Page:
- Convince yourself the CTA is a good idea and your prospects will catch your enthusiasm: When you are sure the products or services you’re selling will provide genuine benefits to the right prospects, your visitors will be more confident about buying from you. Be direct—don’t try to hide the fact that you want them to buy something. If you don’t believe in the value of your offers, you’ll transfer that fear to shoppers. Believe in what you’re asking them to do, and they’ll be much more likely to believe in you too
. TheStar Rewards card saves people money (and keeps them coming back to the store). Macy’s doesn’t hesitate to brag about the offer.
- Make it easy for shoppers to buy from you, and they’ll love you for it: Visitors to your ecommerce website come there to find solutions,
notproblems. Help them out all you can. Give them the information they need to make the right choice, then make it super simple for them to load up the shopping cart, arrange delivery, and check out. When you put barriers between shoppers and the purchase, your visitors are apt to get discouraged and leave before placing an order. Don’t just make it sound easy…make it easy.
- Keep it personal to build trust and affinity: Shoppers don’t want to feel manipulated or bamboozled. They want the truth, and they want the facts of the offer clearly presented. Speak to them in plain language. Be kind to them. Use copy on your CTA buttons that clearly conveys the benefit of taking the action and tells visitors what to expect next. Build relationships by remembering the Golden Rule and treating your customers the way you want to be treated.
- Give shoppers a reason to act NOW: If supplies are limited (and they always are), don’t hesitate to say so. If the price will soon be increasing, tell visitors. Each visit presents an opportunity. Your conversion rate will reflect how much respect you’re showing your visitors and how well you can convey the idea that following the call to action is a really good idea—for the right people. You’re not trying to sell to everyone, remember; you’re identifying your best prospects and making it clear that your offer is in their best interests.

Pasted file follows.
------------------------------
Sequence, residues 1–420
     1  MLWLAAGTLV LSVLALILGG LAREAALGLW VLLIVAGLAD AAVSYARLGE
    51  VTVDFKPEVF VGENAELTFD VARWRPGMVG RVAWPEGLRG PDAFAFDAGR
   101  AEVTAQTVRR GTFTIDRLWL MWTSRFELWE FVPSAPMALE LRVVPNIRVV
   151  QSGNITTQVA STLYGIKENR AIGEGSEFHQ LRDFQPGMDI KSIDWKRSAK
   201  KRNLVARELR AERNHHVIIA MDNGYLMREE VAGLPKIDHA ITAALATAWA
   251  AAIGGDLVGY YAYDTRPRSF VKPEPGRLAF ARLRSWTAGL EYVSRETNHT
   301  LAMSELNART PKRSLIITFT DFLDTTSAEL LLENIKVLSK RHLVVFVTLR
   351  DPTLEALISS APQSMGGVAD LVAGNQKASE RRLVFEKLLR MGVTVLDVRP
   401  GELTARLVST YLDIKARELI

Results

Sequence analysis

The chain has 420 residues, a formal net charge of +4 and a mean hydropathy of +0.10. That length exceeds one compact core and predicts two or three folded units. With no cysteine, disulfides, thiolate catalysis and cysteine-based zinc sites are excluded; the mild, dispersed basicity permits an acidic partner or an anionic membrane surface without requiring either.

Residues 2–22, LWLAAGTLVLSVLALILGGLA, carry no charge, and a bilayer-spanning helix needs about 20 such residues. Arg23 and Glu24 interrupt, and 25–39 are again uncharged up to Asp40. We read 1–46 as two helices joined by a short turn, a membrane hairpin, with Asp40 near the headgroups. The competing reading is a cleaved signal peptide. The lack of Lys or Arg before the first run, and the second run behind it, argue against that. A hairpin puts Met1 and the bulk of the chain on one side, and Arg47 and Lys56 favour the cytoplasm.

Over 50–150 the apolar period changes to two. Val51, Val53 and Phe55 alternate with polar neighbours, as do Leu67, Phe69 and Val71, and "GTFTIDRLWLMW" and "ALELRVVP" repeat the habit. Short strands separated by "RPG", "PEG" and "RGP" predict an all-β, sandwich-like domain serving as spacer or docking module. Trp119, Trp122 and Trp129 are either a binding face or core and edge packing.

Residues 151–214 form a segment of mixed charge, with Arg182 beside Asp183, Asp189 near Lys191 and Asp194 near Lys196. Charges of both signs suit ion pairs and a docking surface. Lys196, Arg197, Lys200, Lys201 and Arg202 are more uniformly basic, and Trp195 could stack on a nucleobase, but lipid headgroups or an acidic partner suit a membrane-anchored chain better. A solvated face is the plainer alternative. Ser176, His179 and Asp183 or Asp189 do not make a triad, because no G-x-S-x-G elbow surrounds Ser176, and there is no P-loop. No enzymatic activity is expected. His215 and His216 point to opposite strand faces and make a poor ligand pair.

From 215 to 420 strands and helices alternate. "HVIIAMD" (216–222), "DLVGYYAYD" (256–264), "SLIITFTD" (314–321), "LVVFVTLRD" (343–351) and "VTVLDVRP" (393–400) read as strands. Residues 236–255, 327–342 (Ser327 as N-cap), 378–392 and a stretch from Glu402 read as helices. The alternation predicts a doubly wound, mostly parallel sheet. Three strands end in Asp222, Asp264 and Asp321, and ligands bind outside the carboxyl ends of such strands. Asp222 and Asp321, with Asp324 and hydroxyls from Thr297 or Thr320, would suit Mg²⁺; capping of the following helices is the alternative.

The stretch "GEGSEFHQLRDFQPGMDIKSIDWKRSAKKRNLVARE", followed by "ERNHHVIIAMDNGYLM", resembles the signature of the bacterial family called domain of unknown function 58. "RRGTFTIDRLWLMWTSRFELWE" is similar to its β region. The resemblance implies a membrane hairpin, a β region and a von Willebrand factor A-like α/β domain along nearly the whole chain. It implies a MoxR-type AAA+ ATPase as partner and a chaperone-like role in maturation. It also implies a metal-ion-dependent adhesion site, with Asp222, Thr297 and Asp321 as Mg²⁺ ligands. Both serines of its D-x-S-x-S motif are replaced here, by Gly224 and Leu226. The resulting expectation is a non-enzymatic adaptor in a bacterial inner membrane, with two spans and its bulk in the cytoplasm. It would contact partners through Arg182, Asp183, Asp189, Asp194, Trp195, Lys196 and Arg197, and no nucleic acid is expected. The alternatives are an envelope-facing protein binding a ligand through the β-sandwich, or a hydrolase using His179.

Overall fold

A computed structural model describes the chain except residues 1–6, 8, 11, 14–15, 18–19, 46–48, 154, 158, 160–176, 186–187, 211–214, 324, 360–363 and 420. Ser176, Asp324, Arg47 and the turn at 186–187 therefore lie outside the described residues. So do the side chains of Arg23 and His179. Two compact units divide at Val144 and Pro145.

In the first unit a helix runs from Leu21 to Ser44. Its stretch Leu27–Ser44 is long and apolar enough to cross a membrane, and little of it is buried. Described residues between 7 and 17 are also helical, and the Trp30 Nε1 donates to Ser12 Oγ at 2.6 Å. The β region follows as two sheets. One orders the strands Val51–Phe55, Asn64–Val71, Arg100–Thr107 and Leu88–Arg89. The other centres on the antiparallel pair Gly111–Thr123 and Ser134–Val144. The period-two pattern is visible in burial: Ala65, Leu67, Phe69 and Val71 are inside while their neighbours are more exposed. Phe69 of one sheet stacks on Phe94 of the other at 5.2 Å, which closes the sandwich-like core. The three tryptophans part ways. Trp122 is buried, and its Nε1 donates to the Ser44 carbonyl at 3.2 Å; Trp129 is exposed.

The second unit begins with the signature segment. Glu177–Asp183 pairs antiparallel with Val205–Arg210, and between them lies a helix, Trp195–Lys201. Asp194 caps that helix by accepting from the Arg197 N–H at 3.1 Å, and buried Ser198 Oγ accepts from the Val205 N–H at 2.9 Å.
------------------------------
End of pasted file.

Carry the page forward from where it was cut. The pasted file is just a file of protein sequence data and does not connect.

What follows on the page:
- Experiment with your CTA buttons or links to find out what works best for your particular audience: Most marketers know that “Submit” is a poor choice for the CTA button. Use copy that reflects the benefit of responding to the CTA. Make sure prospects know exactly what to expect next. Depending on the context and where the CTA is placed on the path to sales, CTAs like “Find Out More” or “Show Me How” may be appropriate. Near the end of the journey, “Move to Cart” and “Buy Now” could be the best choices. You’ll only know for sure by experimenting with the variables. Change the copy on the CTA, or change its color, shape, or placement; there are many tests you can run to find out which combination creates the most conversions. For advice on how to proceed with testing, contact The Good.
The best results will come when you experiment with your unique audience and the particular products and services you provide, and then tailor your CTAs to speak directly to your best prospects.
There are no real shortcuts to conversion rate optimization. Experience certainly helps the process move more quickly, but the only way you can determine what will work best for your ecommerce site is to design the appropriate tests and watch what happens when visitors interact with the variations
How to optimize your call-to-action strategy
We promised to give you seven call-to-action best practices to kickstart a discussion with your conversion rate optimization team. Don’t run through this information quickly and assume your ecommerce site is already observing the principles.
Most ecommerce websites are not.
Here’s a suggestion:
Have the team responsible for your ecommerce site walk through each of the seven CTA best practices together while they (point-by-point) compare the idea presented in each with what’s actually happening on your site.
It’s rare to find a website that could pass the test 100 percent.
If you want to get a deeper look at the conversion rate optimization process, ask The Good for a complimentary landing page assessment.
The results could be surprising.